Supposing you want to embed them, as in the demonstration below, this is what you do.
  1. Click on the little down arrow on one of the public calendars you've now got down the left hand side of your screen. Doesn't matter which. Click Calendar Settings.Calendar Settings

  2. Click the Customise link under "Embed", in the middle.
    Customise ...

  3. Scroll down and look to the left; all the calendars you've subscribed to are listed. Tick all the ones you want to include.Selecting calendars to displayScroll up again and set all the other settings the way you'll want them - they're pretty self-explanatory and it shows you how it will look. Make sure you set a Calendar Title, top left - otherwise the title will be the title of whichever calendar you clicked first.

  4. Copy and paste the HTML from the top of the page into your own website. You should get some result like the example below. Here I've selected "Agenda" view as default, I've set the width to be rather narrow, and I've set "Organisers' Calendars" as the title..


ghost said...


Let's hope it's used

Anonymous said...

You obviously had some free time H! Though none of that works for wordpress. I have a milonga and festival calendar on my site which I think are pretty useful. Not all organisers or teachers have a calendar on their site and as I am fairly impartial, I would hope that people are happy to use mine. At least they know where to go to find out what Milongas are on. Not everyone subsribes to Tango UK.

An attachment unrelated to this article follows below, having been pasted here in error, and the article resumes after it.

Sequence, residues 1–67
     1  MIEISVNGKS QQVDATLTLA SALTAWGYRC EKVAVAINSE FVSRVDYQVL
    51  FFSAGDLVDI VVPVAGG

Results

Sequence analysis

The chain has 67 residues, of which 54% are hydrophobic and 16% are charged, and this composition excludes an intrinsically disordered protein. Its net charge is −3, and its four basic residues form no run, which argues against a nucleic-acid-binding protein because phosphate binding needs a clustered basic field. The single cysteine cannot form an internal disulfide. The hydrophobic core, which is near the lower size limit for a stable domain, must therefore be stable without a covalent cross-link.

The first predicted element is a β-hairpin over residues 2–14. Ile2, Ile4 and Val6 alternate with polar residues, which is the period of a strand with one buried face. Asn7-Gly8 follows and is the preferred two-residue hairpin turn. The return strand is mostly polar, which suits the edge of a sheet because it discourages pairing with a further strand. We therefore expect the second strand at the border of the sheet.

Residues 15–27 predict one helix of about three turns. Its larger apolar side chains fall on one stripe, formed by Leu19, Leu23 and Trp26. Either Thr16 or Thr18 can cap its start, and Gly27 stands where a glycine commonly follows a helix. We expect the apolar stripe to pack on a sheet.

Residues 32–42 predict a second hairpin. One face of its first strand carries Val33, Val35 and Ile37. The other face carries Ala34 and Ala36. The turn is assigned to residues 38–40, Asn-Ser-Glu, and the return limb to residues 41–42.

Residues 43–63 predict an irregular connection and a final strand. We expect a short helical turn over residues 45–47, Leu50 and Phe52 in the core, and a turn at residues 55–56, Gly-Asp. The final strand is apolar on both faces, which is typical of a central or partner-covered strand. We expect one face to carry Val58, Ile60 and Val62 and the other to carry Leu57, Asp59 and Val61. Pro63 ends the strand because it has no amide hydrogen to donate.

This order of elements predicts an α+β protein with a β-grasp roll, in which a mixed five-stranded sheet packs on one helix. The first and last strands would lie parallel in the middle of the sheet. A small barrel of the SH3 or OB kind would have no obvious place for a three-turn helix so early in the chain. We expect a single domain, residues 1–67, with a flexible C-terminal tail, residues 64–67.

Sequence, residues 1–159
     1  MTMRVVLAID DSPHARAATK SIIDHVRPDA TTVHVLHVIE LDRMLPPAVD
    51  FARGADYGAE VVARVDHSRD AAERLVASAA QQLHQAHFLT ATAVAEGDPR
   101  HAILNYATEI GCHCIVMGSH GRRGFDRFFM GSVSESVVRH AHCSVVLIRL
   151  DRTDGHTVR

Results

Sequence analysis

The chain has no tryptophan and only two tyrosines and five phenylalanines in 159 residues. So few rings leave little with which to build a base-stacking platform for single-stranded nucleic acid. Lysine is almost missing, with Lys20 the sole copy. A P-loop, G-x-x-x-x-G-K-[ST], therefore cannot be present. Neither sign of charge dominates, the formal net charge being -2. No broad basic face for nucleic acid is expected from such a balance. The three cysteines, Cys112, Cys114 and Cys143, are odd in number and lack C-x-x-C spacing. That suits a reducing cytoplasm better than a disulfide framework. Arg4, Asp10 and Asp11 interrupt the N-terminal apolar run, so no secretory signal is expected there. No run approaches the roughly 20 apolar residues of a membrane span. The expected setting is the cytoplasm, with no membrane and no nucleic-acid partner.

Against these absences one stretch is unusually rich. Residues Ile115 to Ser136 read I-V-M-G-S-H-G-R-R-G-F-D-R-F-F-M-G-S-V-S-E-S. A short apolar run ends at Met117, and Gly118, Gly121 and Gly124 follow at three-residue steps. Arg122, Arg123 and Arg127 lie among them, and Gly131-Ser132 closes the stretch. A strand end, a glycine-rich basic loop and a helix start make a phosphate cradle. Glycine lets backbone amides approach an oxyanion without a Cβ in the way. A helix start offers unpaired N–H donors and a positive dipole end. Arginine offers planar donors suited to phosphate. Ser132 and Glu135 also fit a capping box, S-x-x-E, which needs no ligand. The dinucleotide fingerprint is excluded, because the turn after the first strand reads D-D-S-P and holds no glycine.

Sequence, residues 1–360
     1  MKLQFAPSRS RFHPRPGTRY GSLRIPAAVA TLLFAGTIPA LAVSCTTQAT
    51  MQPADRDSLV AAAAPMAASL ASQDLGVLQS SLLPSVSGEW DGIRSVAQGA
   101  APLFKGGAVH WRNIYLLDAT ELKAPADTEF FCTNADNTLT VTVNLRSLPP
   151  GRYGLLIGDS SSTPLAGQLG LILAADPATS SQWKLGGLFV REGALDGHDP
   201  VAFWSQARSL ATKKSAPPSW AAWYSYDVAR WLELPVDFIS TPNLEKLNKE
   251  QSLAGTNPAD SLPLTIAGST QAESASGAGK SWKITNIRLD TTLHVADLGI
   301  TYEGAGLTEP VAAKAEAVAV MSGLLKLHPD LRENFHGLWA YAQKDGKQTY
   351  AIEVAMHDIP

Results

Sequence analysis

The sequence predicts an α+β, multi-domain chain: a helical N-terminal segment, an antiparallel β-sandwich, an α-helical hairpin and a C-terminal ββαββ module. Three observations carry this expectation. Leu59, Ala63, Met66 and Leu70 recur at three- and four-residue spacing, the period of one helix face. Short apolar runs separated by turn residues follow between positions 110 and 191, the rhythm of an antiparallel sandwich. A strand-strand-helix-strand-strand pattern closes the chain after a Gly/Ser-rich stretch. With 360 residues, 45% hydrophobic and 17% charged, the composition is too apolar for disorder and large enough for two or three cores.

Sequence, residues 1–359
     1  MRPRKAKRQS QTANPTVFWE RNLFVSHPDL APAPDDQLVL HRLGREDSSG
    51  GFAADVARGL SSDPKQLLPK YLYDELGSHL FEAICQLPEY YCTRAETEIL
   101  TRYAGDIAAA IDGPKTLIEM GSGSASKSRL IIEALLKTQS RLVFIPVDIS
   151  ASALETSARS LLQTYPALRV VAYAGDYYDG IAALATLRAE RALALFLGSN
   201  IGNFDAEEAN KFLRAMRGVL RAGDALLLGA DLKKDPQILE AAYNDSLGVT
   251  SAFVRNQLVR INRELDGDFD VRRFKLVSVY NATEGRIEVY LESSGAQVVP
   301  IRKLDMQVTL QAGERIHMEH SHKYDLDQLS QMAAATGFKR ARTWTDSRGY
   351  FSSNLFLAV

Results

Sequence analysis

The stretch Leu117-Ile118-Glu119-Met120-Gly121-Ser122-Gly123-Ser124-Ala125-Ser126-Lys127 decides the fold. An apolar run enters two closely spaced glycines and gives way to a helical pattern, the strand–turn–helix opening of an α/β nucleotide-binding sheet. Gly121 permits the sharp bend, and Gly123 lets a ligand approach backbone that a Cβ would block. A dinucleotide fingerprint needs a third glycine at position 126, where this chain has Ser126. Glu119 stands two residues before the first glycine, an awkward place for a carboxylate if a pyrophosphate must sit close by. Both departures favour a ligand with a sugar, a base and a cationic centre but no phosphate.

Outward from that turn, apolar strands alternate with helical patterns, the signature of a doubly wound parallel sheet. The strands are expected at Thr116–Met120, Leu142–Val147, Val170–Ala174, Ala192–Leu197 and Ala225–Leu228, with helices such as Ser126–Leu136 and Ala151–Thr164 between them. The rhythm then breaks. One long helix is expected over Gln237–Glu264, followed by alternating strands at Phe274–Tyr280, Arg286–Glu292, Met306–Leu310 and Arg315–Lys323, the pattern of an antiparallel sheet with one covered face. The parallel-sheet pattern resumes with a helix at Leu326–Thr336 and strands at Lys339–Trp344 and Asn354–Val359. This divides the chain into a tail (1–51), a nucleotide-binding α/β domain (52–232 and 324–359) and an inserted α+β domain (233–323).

If you have found any problems with my calendars, let me know. x

David Bailey said...

Nice one, well done.

msHedgehog said...

Writing this took a good deal less time than reviews generally do - a much easier project.

It's true that most don't have subscribable calendars; probably because they don't realise it's possible or don't know how to do it. This is an exercise in putting Clue out there to be picked up by those who want it.

I would never trust a compiled calendar over a syndicated calendar, no matter how much I trusted the compiler - myself, LT, Jill, DB, anybody. Subscription is just better than manual compilation, because of how it works.

It's only the last step that doesn't work in Wordpress, because of the iframe. Any other means of displaying or linking to one or more XML feeds would work, since each calendar is nothing more than a feed, but I don't know what XML feed widgets Wordpress has to display them prettily. It looks like it lets you do the comments feed, and calendar feeds are basically exactly the same thing. Maybe there's material for another post there.

msHedgehog said...

PS - that doesn't mean compiled calendars aren't useful at all - they're pretty much all there is at the moment. LT's is, in fact, useful - so is Jill's at tangoenelcielo. I would just always always check the organiser's own website. If they don't have a website, I'd want something else.

Anonymous said...

Although I have added a Milonga Calendar to my blog it doesn't list practicas, too many of those and I don't like to promote the teachers too much as they tend to have their own websites. I always recommend checking the event organiser's website to make sure that an event is taking place and that my calendar is a guideline only. We all make mistakes on occasion or things change at the last minute. It is useful to have the information pretty much all in one place and a lot of people from out of London have told me they found it useful.
I applaud you H for putting this together and will see if I can use it.